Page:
I initially started training karate in 1973 at a dojo in Caracas, Venezuela. In this dojo the training was very tough with hard fighting. For years I knew about Soke and the reputation of his fighters. When I arrived at the Glendale dojo in 1985, I was somewhat prepared mentally, but I have to admit that it was more challenging than I imagined. I was particularly interested in learning from the best, so I always took the opportunity to pair-up with Kubota’s top students; Boban Petkovich, Val Mijailovich, Greg Clark, Norvell Carrere, Manuel Gonzales from Puerto Rico, Charles Scott from Alaska, and others. I first meet Adam in the Glendale dojo in 1985, I believe on a Wednesday kumite class. Soon, I realized that Adam was a tough fighter. He was strong mentally and physically. He had long legs and arms, so it was hard for me to reach him through his punching and kicking.

I also remember that he liked to grab, push and pull. I remember on one occasion, Adam and I where sparring, and I felt like I was being thrown in different directions, and at some point he got a hold of my gi and he kept pulling and pushing me. Next I heard my gi ripping like if it had been cut with a knife or a sharp object, and he kept ripping it with his bare hands till I had no gi jacket on me! But because of Adam, and the other more advanced and experienced fighters, I kept training hard, and little by little, the gap started to shorten and I became more capable of holding my ground. I am grateful that I had the opportunity to train and fight with Adam because I believe that when we have individuals like Adam, they push us to become better. It also creates respect that is like no other situation in relationships, when we train with honesty, and fight with a strong spirit, we can get a good idea of the true character of the person. Adam Pearson was an outstanding individual. I will miss him, but I am sure that we will meet again and continue to push each other in the next existence.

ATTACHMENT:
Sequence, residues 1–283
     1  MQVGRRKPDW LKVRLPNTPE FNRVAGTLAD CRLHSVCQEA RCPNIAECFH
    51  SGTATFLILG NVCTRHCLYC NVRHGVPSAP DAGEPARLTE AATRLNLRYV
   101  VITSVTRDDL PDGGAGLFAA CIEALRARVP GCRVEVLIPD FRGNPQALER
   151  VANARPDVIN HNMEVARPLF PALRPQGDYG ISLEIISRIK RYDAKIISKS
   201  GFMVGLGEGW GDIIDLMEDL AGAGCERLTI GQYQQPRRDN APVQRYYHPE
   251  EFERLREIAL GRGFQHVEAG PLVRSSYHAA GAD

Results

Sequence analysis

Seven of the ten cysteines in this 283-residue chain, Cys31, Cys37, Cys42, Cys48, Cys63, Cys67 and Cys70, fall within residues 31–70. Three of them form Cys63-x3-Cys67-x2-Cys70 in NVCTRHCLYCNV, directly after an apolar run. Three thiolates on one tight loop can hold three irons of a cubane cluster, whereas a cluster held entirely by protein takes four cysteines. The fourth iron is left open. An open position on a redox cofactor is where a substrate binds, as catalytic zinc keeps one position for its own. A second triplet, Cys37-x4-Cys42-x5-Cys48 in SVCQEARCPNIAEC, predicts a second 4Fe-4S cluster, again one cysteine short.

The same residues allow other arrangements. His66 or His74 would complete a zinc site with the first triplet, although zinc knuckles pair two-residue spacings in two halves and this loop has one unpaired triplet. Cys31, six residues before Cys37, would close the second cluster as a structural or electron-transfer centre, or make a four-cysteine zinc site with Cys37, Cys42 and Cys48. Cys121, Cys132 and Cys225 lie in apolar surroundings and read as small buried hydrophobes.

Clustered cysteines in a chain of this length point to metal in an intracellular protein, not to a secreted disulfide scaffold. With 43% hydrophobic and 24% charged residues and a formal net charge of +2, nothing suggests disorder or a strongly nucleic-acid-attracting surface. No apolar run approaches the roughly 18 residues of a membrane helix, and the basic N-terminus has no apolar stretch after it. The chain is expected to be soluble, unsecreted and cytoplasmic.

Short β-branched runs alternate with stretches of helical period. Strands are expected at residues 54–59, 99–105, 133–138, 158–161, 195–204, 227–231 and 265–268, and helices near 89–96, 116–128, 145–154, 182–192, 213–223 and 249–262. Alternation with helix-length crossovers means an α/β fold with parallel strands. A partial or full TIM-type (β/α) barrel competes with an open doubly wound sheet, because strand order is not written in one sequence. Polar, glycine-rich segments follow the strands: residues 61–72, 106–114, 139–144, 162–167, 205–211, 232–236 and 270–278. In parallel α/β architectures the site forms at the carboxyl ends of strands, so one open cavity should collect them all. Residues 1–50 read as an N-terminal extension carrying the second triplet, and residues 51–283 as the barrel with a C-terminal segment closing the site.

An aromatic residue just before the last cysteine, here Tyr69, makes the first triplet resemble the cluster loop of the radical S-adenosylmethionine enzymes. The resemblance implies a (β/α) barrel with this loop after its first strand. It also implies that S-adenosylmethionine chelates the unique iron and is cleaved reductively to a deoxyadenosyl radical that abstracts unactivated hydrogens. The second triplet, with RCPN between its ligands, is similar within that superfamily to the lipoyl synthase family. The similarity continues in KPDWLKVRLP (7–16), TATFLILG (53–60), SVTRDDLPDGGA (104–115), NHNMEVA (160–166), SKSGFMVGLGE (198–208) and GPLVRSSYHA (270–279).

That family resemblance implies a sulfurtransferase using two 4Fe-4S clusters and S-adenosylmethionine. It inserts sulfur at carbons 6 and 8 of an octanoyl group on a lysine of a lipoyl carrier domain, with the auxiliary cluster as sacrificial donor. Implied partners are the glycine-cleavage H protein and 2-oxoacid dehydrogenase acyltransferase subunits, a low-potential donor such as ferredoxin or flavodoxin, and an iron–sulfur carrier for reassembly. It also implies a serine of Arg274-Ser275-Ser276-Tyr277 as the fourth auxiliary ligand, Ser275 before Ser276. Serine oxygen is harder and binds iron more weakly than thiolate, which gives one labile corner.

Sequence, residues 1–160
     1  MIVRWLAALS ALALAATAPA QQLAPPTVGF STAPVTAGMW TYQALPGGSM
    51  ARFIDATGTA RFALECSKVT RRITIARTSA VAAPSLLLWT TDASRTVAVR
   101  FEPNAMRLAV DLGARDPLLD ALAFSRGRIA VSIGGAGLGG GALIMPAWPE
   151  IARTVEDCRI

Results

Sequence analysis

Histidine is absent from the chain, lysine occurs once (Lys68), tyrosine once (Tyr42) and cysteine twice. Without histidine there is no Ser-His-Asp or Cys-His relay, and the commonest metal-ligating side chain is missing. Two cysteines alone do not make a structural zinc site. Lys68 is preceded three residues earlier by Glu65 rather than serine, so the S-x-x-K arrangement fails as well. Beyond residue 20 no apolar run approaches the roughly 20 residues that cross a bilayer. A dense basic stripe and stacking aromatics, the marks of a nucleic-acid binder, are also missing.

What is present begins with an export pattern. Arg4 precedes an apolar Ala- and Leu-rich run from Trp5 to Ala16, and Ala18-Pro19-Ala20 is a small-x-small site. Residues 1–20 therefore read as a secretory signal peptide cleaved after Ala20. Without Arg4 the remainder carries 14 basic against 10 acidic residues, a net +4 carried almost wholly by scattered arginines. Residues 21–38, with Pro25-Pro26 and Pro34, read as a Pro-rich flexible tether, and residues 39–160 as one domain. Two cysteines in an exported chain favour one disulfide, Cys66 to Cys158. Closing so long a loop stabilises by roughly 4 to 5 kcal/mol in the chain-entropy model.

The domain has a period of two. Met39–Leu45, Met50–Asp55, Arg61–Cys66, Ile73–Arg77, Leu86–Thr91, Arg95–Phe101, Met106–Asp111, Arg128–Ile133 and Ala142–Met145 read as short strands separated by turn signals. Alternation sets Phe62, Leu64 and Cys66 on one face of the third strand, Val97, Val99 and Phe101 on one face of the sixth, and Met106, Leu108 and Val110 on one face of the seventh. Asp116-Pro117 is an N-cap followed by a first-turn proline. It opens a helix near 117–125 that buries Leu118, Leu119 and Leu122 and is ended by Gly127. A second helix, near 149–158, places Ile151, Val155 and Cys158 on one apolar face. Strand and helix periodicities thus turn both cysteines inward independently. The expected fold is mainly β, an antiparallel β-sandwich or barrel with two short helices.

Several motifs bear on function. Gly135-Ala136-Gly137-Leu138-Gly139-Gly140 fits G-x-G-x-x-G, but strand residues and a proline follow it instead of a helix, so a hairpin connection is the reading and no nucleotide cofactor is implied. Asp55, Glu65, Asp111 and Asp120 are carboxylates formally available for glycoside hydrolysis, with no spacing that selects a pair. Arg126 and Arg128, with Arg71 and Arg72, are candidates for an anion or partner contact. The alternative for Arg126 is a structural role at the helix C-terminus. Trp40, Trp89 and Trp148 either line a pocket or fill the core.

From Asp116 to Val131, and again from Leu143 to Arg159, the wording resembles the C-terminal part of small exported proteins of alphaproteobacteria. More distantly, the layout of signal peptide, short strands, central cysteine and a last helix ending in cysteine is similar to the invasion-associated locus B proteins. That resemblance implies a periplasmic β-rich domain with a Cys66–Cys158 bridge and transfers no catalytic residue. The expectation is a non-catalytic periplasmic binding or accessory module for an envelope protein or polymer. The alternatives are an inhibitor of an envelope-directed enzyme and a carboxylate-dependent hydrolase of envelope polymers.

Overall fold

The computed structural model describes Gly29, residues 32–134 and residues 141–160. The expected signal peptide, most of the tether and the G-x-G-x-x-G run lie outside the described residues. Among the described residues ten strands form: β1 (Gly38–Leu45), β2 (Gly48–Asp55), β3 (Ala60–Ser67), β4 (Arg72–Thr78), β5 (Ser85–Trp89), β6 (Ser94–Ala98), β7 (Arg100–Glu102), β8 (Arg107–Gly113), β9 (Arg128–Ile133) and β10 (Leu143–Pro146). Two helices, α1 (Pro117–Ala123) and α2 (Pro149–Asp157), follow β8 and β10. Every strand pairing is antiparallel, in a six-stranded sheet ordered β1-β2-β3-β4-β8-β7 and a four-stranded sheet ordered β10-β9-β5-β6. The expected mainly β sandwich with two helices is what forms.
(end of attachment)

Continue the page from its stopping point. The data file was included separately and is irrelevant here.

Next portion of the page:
From Shihan Mark Guida:

I was sorry to hear the unfortunate news of the passing of Adam.  I remember when I first started karate, I would attend my